I often wonder if, at any time, news stories are two-sided, meaning when stories are investigated, ALL sides are involved. I have been the social service director at Columbus Manor for the past five years and I find this article to be offensive [Nursing home cited for health, safety violations, Oct. 13].
I find it offensive because of the general statements that have been made, things like “tragedy of the situation.” What exactly is the tragedy? Did anyone care to investigate the excellent treatment that residents receive by the social service and nursing staff at Columbus Manor? Did anyone report on how if it was not for those of us who have dedicated our life to helping people, from all walks of life, who have a mental illness, most of them would not get their medications, see a dentist, see a podiatrist, take showers, go to programs, get substance abuse help or see a doctor of any kind?
Where is the reporting on the good that we also do at Columbus Manor? Where is the reporting on how hard our jobs are due to the lack of funding and all the cuts that have been made on programs for people with mental illness? Where is the reporting that the state of Illinois will not pay for a person’s transportation to an out-of-facility substance abuse group because according to them “it’s not a medical necessity,” but yet they want us to provide services and help for someone with a crack cocaine problem? Doesn’t that sound pretty ridiculous?
It’s even more ridiculous that they will write a violation for not having the addicted individual in a group, yet they will not help us get them to a group. Where is the reporting on how hard it is for us to help those who need it the most when the government itself won’t help?
Where is the reporting of the severe misuse of power that the state has when dealing with facilities like Columbus Manor? Has it been reported that if a state surveyor has a personal vendetta against an administrator they can then walk into a building and cite violations whenever they want? Has it been reported that a state surveyor can leave a facility without finding anything, but as soon as they get to their office they are told by their superiors that they must notify the facility, via phone, that they have decided to write a tag for something?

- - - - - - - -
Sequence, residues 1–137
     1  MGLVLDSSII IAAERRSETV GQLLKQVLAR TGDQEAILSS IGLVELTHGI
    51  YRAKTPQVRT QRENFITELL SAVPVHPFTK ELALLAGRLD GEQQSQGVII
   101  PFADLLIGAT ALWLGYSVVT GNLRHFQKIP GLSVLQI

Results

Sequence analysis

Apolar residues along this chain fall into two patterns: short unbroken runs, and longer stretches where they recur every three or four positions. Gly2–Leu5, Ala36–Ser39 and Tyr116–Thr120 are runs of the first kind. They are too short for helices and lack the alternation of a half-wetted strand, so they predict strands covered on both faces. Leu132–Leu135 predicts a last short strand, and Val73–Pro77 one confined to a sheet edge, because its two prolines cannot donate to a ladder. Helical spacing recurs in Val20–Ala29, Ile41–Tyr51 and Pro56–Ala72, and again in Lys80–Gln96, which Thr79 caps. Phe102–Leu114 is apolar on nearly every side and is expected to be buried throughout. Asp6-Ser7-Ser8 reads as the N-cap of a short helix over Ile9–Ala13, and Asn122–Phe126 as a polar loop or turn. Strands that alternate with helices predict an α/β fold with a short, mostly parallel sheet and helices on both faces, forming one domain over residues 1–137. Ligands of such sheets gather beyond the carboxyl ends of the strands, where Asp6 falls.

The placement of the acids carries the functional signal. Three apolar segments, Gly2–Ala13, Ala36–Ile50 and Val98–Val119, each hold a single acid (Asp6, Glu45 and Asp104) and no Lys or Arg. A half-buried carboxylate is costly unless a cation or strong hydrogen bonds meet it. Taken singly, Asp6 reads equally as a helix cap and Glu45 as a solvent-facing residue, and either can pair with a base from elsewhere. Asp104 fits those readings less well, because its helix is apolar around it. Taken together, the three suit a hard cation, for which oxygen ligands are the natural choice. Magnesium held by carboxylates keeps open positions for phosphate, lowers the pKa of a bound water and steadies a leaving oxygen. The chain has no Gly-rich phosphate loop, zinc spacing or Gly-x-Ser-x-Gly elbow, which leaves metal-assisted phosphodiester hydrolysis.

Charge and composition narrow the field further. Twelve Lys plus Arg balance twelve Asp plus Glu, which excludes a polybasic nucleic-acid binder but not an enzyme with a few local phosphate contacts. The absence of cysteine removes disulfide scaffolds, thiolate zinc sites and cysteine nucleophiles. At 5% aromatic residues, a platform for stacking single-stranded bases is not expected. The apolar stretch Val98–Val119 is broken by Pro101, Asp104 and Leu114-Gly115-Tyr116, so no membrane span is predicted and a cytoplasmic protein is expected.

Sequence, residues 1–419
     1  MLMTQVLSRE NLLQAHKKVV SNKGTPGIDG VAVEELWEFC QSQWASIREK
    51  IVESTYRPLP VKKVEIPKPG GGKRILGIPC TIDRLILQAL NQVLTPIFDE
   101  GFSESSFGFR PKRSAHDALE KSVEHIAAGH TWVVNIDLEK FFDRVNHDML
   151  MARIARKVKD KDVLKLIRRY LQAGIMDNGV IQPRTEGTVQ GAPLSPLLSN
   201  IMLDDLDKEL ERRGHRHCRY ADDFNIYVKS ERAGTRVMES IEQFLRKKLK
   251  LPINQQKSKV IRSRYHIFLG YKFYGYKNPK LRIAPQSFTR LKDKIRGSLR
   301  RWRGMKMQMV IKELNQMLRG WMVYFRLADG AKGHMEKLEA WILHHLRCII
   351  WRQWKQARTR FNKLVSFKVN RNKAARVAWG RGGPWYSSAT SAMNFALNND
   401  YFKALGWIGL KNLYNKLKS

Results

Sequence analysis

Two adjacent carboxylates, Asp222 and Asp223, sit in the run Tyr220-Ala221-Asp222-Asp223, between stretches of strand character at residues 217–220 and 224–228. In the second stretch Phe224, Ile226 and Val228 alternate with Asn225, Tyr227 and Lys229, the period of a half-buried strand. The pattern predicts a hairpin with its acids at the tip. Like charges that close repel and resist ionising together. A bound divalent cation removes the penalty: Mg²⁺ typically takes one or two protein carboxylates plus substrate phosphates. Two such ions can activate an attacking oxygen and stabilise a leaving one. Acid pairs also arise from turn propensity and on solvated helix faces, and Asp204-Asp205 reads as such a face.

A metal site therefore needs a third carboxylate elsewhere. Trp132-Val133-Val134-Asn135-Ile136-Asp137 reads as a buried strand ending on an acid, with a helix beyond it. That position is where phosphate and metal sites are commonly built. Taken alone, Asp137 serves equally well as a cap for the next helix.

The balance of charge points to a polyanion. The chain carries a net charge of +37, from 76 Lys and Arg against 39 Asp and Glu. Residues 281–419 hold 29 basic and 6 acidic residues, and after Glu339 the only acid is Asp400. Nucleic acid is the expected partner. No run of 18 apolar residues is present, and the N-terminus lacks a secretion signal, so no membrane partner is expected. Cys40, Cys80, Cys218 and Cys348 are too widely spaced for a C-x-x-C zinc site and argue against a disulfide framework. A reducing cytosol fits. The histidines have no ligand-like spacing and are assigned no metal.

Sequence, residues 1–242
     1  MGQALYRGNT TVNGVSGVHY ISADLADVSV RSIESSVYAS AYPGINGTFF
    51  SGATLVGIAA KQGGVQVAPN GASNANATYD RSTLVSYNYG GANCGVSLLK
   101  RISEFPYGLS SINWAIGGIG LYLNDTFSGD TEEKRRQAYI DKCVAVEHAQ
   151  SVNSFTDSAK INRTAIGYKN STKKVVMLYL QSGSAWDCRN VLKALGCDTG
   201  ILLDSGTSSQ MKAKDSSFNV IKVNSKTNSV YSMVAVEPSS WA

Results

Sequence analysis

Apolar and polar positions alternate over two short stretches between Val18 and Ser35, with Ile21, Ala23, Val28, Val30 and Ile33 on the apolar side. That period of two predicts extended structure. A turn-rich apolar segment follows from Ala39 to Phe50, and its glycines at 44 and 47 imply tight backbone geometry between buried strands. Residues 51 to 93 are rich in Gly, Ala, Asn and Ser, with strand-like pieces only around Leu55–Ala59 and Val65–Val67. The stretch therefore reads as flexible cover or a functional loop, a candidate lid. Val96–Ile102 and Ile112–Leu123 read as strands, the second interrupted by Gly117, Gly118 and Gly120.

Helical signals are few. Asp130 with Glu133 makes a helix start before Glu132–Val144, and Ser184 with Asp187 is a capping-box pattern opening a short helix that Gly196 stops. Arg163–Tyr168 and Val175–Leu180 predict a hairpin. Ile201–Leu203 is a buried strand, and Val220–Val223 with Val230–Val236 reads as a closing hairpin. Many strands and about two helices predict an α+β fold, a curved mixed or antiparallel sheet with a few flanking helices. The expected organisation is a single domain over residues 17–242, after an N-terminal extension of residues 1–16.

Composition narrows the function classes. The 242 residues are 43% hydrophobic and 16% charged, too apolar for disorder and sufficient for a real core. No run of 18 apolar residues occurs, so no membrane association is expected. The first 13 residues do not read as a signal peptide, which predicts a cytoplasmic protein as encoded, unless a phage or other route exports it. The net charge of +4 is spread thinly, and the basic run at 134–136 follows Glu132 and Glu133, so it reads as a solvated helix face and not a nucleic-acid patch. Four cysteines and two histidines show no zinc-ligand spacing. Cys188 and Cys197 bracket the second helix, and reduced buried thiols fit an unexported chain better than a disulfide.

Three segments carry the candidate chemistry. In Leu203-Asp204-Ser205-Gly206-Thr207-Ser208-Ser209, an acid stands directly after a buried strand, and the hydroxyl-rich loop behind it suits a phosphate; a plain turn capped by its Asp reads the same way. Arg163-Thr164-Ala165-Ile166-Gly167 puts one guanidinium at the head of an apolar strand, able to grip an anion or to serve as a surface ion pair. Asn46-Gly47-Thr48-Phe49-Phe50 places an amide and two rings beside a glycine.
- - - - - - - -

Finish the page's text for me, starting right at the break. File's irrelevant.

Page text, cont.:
Has it been reported that most of the time public health surveyors do not even know their own policies and procedures and that often times they send sanitarians in to survey a building’s Nursing and Social Service Department?
One would think that the state and the facility would be working together to service all who live in these homes, but instead, we, the facility, are in fear, always second guessing ourselves when we have a survey because even though the rules and regulations don’t change, the moods of the surveyors sure do and on any given day what was said yesterday may not be good today. I think as a whole, society needs to understand that chronic mental illness is not going away.
No one is telling the state that they should not govern nursing homes, because in all actuality it is a good thing, but they need to go about it in a different way. We should not be at odds, we should be working together to find common ground as to what is in the best interest for of the residents. I think the real “tragedy” here is that there is a population of mentally ill patients who need good quality care and that this story was extremely fabricated. I also want to note the resident who was mentioned in this article of getting out and being hit by a vehicle was not accurate. This resident was not a registered sex offender; this resident was not sexually aggressive either.
Columbus Manor is a good facility with good staff that really care about the residents, and it’s really sad that this gets overshadowed by fabricated stories that are made to be more than they really are – that’s the real “tragedy.”
Michele Catala is the social service director at Columbus Manor.